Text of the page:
Market Reports

Shokoladnitsa: the bigger the bear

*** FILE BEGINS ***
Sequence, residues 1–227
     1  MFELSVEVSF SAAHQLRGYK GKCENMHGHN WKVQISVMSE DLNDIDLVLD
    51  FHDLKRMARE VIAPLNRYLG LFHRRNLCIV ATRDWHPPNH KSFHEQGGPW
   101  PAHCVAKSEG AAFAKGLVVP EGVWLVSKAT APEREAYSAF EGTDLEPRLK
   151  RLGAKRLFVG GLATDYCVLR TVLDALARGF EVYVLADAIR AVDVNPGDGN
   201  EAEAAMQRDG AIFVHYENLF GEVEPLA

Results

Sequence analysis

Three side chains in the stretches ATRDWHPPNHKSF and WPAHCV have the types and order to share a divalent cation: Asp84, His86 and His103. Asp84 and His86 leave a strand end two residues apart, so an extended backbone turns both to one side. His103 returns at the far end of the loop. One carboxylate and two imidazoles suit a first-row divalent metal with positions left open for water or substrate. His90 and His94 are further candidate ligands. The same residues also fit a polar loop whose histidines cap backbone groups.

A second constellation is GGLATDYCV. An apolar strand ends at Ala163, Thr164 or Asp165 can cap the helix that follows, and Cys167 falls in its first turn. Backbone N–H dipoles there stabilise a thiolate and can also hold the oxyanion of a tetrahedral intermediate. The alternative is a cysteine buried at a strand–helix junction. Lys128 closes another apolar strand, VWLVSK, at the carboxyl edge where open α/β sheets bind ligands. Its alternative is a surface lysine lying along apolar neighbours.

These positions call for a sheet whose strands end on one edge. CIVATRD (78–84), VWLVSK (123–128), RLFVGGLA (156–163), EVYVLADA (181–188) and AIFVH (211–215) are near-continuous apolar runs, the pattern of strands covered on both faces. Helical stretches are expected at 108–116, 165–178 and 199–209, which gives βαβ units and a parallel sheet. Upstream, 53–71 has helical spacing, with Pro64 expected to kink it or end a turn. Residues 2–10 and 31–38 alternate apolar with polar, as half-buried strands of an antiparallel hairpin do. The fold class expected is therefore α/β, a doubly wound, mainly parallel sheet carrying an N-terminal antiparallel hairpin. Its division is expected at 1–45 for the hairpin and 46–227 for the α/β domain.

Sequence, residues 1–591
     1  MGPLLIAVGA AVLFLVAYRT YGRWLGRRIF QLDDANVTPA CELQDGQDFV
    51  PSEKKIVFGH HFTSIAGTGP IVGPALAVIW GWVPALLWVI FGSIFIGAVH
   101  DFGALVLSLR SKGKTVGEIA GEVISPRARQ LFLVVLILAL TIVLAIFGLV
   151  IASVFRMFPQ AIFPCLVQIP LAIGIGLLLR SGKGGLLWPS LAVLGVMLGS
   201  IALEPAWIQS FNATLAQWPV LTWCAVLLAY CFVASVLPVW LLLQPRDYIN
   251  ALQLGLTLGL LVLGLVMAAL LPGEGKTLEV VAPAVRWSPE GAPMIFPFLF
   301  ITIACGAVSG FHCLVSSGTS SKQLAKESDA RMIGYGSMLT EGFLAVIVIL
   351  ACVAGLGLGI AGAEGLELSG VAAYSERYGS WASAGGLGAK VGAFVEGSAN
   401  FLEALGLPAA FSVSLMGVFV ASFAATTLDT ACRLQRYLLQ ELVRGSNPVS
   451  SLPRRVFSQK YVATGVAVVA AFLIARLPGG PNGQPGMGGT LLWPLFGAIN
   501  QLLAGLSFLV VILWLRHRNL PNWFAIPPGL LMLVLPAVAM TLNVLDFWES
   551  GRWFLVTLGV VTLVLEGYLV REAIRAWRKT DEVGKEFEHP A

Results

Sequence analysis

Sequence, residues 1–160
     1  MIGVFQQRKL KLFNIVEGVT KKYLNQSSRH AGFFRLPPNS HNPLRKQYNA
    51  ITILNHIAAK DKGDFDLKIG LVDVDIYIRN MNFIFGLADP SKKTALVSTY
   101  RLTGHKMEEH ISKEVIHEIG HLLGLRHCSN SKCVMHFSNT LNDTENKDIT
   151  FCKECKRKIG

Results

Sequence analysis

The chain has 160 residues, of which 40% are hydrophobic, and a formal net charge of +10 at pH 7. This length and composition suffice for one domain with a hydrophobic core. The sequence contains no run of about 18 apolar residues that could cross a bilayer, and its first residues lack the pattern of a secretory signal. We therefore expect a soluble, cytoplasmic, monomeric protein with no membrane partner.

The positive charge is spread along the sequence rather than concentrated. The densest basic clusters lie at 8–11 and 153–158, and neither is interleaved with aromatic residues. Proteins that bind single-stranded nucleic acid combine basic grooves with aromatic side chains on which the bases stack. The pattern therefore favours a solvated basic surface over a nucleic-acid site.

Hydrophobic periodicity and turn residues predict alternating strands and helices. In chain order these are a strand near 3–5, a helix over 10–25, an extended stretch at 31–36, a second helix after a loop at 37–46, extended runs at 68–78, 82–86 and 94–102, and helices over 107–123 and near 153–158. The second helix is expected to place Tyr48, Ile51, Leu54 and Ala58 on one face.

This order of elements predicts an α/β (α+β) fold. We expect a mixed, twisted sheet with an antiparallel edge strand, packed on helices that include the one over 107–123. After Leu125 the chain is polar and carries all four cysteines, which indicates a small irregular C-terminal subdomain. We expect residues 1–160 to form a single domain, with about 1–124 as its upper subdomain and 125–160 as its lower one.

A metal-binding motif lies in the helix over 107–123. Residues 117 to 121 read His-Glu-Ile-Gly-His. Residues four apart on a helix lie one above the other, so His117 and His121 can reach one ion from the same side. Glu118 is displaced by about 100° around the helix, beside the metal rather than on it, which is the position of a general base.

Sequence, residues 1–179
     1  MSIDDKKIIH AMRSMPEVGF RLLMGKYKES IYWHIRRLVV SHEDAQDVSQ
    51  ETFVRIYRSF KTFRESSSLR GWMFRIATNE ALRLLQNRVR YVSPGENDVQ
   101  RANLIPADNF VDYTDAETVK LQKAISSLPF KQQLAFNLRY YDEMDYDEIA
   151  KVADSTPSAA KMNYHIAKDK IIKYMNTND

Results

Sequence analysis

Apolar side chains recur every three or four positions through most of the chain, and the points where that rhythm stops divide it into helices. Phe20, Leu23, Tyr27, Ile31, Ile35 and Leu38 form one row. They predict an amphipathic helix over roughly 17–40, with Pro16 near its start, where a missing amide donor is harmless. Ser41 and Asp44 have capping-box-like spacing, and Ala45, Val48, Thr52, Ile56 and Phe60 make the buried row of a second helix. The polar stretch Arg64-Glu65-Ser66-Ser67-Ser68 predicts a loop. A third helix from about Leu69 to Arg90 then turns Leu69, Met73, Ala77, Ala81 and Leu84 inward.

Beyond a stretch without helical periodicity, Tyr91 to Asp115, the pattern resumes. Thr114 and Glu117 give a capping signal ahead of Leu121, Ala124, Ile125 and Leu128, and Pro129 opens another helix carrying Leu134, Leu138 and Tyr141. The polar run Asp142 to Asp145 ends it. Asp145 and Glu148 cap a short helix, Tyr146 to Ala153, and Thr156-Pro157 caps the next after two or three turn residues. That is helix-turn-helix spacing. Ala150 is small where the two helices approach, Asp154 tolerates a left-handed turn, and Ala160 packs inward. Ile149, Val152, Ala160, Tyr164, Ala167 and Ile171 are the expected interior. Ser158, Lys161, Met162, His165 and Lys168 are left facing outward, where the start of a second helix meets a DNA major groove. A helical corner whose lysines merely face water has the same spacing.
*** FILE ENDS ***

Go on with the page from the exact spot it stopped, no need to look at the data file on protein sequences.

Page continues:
Russia may not be getting the greatest international headlines of late. At its peak, Australian Prime Minister Tony Abbott threatened to “shirtfront” Russian President Vladamir Putin on his visit to his far neighbour – a football move that involves a purposeful collision. Despite Abbott’s colourful threat, Putin was still expected to travel to Australia for the G20 meeting. Although Russia faces shady diplomatic relations and sanctions, it’s mostly business as usual for the former Soviet giant. It’s certainly business as usual for the coffee industry. As this magazine went to print, the Russian Federal Anti-Monopoly Service (FAS) was set to approve one of the country’s biggest coffee chains, Shokoladnitsa’s, plans to purchase its major competitor Coffee House. The two coffee chains have been competing neck-in-neck for most number of shops. Coffee House was winning until 2011, however Shokoladnitsa was able to overtake its main competitor in the middle of 2012. Shokoladnitsa is currently the market leader, operating 420 coffee shops in Russia, of which more than 230 are in Moscow, around 100 in the regions, and another 90 are operated by the company under a franchising model. The brains behind Shokoladnitsa is Alexander Kolobov, its Founder and Owner. Kolobov is one of Russia’s most successful businessmen, thanks to a fast-food empire. In addition to Shokoladnitsa, he developed Wabi-Sabi, a sushi-café chain. He also introduced the country to Israeli Max Brenner chocolate bars and Burger King outlets, in cooperation with Russian investment fund VTB Capital. He opened the first Shokoladnitsa in 2000, when Russia was recovering from the 1998 crisis and crash of the Ruble, its national currency. Rising energy prices in the early years of the millennium fuelled incredible economic growth in Russia, with disposable incomes doubling over eight years. The result was a growing middle class with dollars to spend on coffee and low-cost food.  “At the beginning of 2000s the Russian market of coffee chains was in its infancy, being only comprised of several Coffee Bean outlets [Russia’s first coffee chain] and Coffee House,” he tells GCR Magazine. “Coffee is a very interesting format, designed for communication. People come, sit and talk, having also an opportunity to eat and drink coffee for little money. At the beginning of the 2000s Moscow, St. Petersburg and other large cities had a shortage of inexpensive, good places to eat.” The brand came from the iconic Soviet Shokoladnitsa coffee shop, located near the October metro station in the centre of Moscow and operating since 1964. The current Shokoladnitsa experience however, Kolobov admits, was taken from a US coffee giant. “At the initial stage we used the experience of Starbucks during the development of our chain,” he says. “We believe that it is really impossible to design new revolutionary offers and meals that will radically differ from the offers of main competitors. However, we are planning on finding our niche in terms of the format of our business.”  The Shokoladnitsa chain follows Starbucks’ self-service format. It was a risk taking on this format, following comments from the Russian Association of Coffee and Tea Producers that self-service would never work in Russia. The association has generally been negative about the potential for branded coffee shops to take off in the country, saying local consumers prefer table service. In contrast, Kolobov says this format may provide an impetus for the further development of the Russian coffee market. Although the younger generation is primarily driving the growth of coffee shop chains, Kolobov says he sees see a range of customers in his shops. “There is a slight domination of female audience in our coffee shops,” he says. “As for age, we can see both children and students, as well as mature people. However the majority account for young people within the age range of 20 – 35 years.” Following on from success in the past decade and a half, and with a new brand set to come under the company umbrella, Kolobov now has his eyes set on expansion – even in less affluent parts of the country, outside of major cities. “We have plans to expand in the regions, despite the fact that this may be associated with certain difficulties,” he says. “In the case of the regions, purchasing power of local customers is significantly lower than in Moscow, which is not very suitable for us, as we prefer to operate in the premium segment.  However, in any case we have big plans for regional markets.” Although regional centres may present their challenges in terms of spending power, the rising costs of rent in cities remains a major issue threatening to stifle urban expansion plans. It currently costs around US$200,000 – $300,000 to start a shop, however those costs are doubled to open up in a shopping centre. “Ever growing rental rates, especially in Moscow, probably remains the biggest problem for the business,” says Kolobov. “At the same time, a shortage of personnel remains another pressing problem for the company. In recent years the number of coffee chains has significantly increased, which resulted in the increase of demand for personnel in this sphere.” Despite these challenges, Kolobov is now ready to put everything the company has into purchasing Coffee House and expanding his reach. He tells GCR Magazine that the majority of funds will come from their own cash reserves, with the difference taken in bank loans. He says that at present, all of the coffee chain’s revenue, and even part of its working capital, is being invested in further development of the chain. Like much of Russia’s business community, Kolobov offered no comment on whether sanctions by Western countries, for Russia’s current involvement in Ukraine, would affect the business. One official spokesperson from the Russian Ministry of Industry and Trade tells GCR Magazine that the Russian government currently has no plans to continue attacks on foreign coffee businesses, in particular coffee chains, affiliated with the EU and the US. This follows the recent closure of several McDonald’s outlets in different parts of the country (and in particular Moscow, Voronezh and other large cities) due to supposed non-compliance of their production processes to Russian sanitary standards and requirements. Western media, including the Wall Street Journal, reported on the “sudden inspections and closures”, suggesting they were in retaliation for sanctions.  Officials adamantly denied the retaliation, and few will know the true cause. Getting on-the-record information out of Russia officials is challenging. The official who spoke to GCR Magazine asked not to be named for fear of repercussions. This follows the dismissal of Andrew Belyakov, Russia’s former Deputy Minister of Economic Development, who was recently fired for publicly criticising the Russian government’s latest decisions. Sources close to McDonald’s and McCafé say that it will probably revise its expansion plans in Russia, and even possibly suspend them. Reasons cited, however, were not fear of retaliation but  due to deterioration of the country’s investment climate, and the devaluation of the Ruble by 15 per cent. Other Western coffee chains might soon follow. As long as Russians keep drinking coffee, this could be good news for Shokoladnitsa  and Kolobov, as he sets himself up as the new Coffee King of Russia. GCR